Biotechnology has failed to live up to its promises

October 13, 2005

Promises of cheaper and better drugs using biotechnologies have not been met, say researchers in this week's BMJ.

They assessed biotech products approved by the European Medicine Evaluation Agency between 1995 and 2003.

Of 61 products licensed for therapeutic use, only 15 were for diseases without effective treatment, more effective than existing treatment, or active in patients resistant to current treatment.

A further 22 offered limited advantages over existing products, and 24 were copycat drugs, many of which have failed to offer new options for patients and provide no cost advantage, say the authors.

Furthermore, evaluation of these substances was not always based on rigorous methodological criteria, suggesting that commercial priorities come before the sound development of drugs in the interest of patients.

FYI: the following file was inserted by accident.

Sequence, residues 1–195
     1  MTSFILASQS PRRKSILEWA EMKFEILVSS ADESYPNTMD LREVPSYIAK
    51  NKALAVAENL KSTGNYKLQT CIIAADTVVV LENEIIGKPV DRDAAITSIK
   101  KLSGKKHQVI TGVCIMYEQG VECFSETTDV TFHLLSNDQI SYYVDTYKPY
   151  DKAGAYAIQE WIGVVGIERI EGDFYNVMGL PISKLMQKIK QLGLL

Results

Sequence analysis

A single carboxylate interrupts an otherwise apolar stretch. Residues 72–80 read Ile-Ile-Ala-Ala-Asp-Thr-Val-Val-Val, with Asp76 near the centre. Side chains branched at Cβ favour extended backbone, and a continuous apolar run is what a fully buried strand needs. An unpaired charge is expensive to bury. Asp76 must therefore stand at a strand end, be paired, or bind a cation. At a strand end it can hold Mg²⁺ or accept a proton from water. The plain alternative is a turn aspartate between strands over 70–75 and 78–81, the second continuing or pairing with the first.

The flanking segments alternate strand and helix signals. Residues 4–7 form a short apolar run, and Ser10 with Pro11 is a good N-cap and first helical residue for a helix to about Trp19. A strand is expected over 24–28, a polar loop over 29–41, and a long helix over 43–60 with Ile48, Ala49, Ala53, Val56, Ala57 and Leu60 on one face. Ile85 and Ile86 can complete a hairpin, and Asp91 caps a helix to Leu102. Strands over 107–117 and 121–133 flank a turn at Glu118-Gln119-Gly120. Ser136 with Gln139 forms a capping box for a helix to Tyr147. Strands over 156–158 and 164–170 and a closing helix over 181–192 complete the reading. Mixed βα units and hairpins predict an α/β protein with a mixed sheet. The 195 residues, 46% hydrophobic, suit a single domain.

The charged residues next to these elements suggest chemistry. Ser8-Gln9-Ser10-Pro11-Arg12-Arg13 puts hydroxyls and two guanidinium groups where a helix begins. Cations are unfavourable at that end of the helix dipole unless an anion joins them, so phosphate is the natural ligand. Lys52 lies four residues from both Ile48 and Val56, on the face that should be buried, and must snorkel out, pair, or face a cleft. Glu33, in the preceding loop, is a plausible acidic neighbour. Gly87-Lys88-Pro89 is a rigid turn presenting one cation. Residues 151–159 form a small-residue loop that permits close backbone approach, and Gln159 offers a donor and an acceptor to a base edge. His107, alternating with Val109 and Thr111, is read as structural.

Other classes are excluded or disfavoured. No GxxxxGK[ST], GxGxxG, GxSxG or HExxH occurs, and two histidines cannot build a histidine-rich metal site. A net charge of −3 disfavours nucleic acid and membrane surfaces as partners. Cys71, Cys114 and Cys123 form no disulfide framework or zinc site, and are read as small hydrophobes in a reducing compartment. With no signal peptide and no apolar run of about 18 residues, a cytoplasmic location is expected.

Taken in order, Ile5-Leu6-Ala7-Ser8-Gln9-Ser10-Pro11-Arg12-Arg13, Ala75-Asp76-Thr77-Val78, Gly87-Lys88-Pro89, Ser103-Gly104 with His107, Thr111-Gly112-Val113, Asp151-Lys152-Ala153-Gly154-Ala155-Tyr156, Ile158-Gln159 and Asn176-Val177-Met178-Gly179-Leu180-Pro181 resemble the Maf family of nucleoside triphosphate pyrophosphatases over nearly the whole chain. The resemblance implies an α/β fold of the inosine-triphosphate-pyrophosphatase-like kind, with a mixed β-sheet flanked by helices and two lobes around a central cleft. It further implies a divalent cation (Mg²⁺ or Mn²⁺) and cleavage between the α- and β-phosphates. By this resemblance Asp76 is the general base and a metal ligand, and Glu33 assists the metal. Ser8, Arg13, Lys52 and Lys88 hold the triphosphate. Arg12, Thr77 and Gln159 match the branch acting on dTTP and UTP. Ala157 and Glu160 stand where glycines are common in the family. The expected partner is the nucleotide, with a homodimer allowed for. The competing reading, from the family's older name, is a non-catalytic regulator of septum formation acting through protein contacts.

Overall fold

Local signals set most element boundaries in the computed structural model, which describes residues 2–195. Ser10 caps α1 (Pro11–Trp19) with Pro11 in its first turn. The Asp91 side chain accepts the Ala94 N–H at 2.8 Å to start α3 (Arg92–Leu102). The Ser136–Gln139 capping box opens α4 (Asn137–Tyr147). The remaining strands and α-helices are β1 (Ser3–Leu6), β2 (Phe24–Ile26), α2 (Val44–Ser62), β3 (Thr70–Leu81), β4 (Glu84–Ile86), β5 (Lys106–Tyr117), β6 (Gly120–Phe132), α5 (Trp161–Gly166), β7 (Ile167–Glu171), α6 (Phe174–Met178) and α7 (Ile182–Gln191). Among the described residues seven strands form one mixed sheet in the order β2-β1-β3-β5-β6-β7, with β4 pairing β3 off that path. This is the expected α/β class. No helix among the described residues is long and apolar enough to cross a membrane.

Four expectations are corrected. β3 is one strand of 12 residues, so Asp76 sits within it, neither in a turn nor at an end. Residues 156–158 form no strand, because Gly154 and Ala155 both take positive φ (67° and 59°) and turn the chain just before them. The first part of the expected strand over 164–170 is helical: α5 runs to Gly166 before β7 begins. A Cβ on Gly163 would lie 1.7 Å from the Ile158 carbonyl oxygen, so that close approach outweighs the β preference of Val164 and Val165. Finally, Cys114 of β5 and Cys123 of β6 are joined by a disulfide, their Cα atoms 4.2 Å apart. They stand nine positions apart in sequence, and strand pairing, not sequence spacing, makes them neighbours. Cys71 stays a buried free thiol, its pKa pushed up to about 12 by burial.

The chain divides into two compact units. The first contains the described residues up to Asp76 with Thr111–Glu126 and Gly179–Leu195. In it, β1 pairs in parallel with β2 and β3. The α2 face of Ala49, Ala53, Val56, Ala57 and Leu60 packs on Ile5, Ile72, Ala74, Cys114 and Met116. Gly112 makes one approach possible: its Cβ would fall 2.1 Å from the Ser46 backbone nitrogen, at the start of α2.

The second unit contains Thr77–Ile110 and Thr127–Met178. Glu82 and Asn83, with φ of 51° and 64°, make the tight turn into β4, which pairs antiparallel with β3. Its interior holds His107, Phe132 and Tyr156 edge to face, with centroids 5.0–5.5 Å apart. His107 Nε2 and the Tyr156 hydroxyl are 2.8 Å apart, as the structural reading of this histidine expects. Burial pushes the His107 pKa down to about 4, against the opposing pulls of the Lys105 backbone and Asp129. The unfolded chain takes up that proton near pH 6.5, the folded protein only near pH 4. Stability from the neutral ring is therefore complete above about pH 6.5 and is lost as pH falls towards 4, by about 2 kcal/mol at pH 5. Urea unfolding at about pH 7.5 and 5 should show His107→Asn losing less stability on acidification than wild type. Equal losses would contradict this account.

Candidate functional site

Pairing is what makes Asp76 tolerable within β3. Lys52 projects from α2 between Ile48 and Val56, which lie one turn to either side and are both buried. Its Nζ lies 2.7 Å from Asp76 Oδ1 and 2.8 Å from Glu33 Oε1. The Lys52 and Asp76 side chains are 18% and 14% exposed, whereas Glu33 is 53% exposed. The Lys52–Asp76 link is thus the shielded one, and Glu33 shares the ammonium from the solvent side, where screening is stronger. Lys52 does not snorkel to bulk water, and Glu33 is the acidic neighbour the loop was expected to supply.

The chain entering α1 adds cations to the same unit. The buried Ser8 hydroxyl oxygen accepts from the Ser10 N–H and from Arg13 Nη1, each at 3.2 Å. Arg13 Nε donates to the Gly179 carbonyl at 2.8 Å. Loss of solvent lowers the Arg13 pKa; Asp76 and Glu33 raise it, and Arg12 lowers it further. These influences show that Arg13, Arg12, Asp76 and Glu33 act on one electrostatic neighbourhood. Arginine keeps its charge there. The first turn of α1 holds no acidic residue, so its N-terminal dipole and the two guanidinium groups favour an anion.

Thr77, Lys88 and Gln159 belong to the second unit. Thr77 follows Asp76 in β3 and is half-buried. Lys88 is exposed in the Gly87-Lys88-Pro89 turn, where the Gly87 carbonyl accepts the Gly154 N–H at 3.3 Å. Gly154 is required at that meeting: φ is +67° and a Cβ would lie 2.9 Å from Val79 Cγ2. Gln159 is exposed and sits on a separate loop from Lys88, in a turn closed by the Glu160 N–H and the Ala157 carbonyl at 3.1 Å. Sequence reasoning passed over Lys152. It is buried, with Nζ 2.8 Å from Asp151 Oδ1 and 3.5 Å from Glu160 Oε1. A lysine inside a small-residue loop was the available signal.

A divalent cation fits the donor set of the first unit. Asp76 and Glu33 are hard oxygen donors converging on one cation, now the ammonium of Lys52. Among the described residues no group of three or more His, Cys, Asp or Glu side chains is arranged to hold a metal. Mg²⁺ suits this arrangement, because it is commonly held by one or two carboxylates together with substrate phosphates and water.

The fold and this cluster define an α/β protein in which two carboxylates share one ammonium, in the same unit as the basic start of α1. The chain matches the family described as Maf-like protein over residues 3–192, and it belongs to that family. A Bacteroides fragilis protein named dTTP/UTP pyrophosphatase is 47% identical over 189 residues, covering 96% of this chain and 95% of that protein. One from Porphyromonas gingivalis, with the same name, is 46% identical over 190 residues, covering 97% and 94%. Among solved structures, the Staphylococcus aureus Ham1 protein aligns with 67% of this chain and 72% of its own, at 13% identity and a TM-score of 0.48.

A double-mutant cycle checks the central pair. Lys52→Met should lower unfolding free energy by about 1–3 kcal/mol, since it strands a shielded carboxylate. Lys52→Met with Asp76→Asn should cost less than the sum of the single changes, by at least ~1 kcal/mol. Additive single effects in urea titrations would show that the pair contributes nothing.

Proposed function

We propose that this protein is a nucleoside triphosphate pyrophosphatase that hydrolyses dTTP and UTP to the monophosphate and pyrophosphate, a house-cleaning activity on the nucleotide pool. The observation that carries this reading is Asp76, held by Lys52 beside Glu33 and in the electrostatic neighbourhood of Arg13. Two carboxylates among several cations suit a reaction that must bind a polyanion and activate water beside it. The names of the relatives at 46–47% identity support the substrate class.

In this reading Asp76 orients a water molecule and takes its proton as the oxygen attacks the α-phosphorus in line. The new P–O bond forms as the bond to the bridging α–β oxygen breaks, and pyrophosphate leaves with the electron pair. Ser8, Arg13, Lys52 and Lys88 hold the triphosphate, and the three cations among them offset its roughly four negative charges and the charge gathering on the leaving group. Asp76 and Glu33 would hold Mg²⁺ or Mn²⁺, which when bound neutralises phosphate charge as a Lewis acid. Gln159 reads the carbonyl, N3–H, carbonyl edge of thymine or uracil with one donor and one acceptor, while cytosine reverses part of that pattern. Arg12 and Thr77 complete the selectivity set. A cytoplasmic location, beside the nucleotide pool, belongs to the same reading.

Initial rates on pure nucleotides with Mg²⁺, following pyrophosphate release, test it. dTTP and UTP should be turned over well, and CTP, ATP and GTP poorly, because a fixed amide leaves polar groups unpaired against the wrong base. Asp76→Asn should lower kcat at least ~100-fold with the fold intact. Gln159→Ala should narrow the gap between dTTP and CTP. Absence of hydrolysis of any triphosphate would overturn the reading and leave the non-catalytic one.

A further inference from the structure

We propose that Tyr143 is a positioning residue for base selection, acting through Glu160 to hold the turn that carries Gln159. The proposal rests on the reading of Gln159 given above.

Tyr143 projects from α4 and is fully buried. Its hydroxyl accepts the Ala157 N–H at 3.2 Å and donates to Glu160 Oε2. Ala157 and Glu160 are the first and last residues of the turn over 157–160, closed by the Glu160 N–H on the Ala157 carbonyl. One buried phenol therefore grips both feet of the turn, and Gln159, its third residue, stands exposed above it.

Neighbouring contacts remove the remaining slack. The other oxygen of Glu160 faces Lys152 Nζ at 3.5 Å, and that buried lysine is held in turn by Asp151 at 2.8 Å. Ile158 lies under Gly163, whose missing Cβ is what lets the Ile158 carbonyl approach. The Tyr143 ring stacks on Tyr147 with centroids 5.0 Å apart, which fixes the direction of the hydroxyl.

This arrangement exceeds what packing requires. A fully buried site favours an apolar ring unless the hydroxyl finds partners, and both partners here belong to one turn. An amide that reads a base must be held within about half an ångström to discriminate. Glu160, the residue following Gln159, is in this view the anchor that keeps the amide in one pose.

The promises of biotechnology substances to be more effective and less toxic than conventional drugs have been only partially fulfilled, they add. Many of the substances produced so far are analogues of existing drugs and have contributed little to innovation in medicine.

Nevertheless, biotechnology has made it possible to make available drugs that would otherwise be impossible to obtain in large amounts or research tools that are useful for discovering new drugs. "Let us hope that in future biotechnology will better live up to its promises."


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